Raccoons, skunks, bats and foxes are most common carriers
Most of us know what rabies is, but it’s not something we think about often. Thanks to public health education, mandatory pet vaccinations and the wildlife oral rabies vaccination program, rabies cases in the U.S. have dropped dramatically in the past 15 years. But unfortunately this severe disease is still reported across the country, making rabies a continued public health threat. What do you need to know to keep your family, pets and community safe?
Controlling rabies cases
Although steps to control pet and wildlife rabies cases have reduced the risk to humans, rabies is still a threat because if it’s not treated immediately, it has the highest case-fatality rate of any infectious disease. Transmitted by the saliva of an infected animal, rabies can be prevented by prompt medical care. If exposure is suspected, contact your health care professional immediately.
Continued diligence in vaccination programs for pets, livestock and wildlife is needed to lower the threat of rabies. Make sure to keep your pets up to date on their immunizations and get involved in your community’s efforts in controlling the disease in the wildlife population.
Controlling and preventing rabies requires several proactive efforts. First, pet owners must understand the need for pets to get vaccinated on a regular basis. Second, seek immediate treatment if pets are bitten by an infected animal. Finally, efforts to decrease the disease among wild animals must be made.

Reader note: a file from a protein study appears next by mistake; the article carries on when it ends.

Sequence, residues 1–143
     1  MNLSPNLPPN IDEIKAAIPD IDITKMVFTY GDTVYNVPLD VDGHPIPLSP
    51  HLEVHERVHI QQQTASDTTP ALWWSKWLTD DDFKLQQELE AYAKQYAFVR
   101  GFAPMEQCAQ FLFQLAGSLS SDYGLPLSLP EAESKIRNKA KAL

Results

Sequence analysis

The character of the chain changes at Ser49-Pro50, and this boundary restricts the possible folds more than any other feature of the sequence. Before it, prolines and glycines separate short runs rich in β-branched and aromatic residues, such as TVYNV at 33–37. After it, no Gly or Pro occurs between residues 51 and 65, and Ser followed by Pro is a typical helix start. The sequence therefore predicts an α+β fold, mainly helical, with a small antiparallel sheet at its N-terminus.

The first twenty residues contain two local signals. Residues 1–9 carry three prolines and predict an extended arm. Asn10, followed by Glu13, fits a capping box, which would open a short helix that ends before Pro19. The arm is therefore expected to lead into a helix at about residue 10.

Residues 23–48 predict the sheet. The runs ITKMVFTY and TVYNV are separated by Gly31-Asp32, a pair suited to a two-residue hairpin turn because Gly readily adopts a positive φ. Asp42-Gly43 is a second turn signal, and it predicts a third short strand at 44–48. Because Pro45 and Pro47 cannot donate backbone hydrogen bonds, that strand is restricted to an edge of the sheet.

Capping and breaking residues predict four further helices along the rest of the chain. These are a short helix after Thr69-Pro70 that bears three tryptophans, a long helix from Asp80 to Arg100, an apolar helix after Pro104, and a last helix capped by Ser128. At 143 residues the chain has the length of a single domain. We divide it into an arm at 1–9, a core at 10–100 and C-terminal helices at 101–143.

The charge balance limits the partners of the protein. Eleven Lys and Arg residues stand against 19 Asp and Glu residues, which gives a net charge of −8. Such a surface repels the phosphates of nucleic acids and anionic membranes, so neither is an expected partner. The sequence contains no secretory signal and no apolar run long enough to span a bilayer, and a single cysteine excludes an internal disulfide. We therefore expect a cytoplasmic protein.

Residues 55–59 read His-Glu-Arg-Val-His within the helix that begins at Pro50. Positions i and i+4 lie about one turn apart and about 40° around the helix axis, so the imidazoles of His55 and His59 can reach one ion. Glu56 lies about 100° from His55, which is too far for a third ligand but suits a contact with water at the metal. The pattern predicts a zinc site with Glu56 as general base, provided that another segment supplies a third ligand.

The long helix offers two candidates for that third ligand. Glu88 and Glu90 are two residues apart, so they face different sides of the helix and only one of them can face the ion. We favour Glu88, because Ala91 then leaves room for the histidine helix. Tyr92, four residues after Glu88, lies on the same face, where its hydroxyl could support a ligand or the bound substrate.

Approximately 92 percent of all animal rabies cases in the United States occur in wildlife, according to the Centers for Disease Control and Prevention. Animals that are most likely to be infected with rabies in the U.S. include raccoons, skunks, bats and foxes. Public health programs, such as those that vaccinate wildlife against rabies, help reduce rabies exposure and the spread of the disease to pets, livestock and people.
Wildlife treatment efforts
Managing rabies in the wildlife population is a complex task. Fifteen years ago the Federal government created a program that uses the first and only oral rabies vaccine for wildlife, RABORAL V-RG, to reduce this infectious disease.
“Oral rabies vaccines are provided to wild animals in the form of consumable baits,” explains Dr. Joanne Maki, veterinary public health technical director for Merial, maker of RABORAL V-RG. “These baits are placed strategically throughout the country where wildlife at risk of exposure to rabies will eat them. This approach has prevented rabies transmission in wild animals, particularly raccoons, coyote and foxes.- Vaccinating wildlife is a comprehensive approach that helps keep pets, livestock and people safe from rabies as well.”
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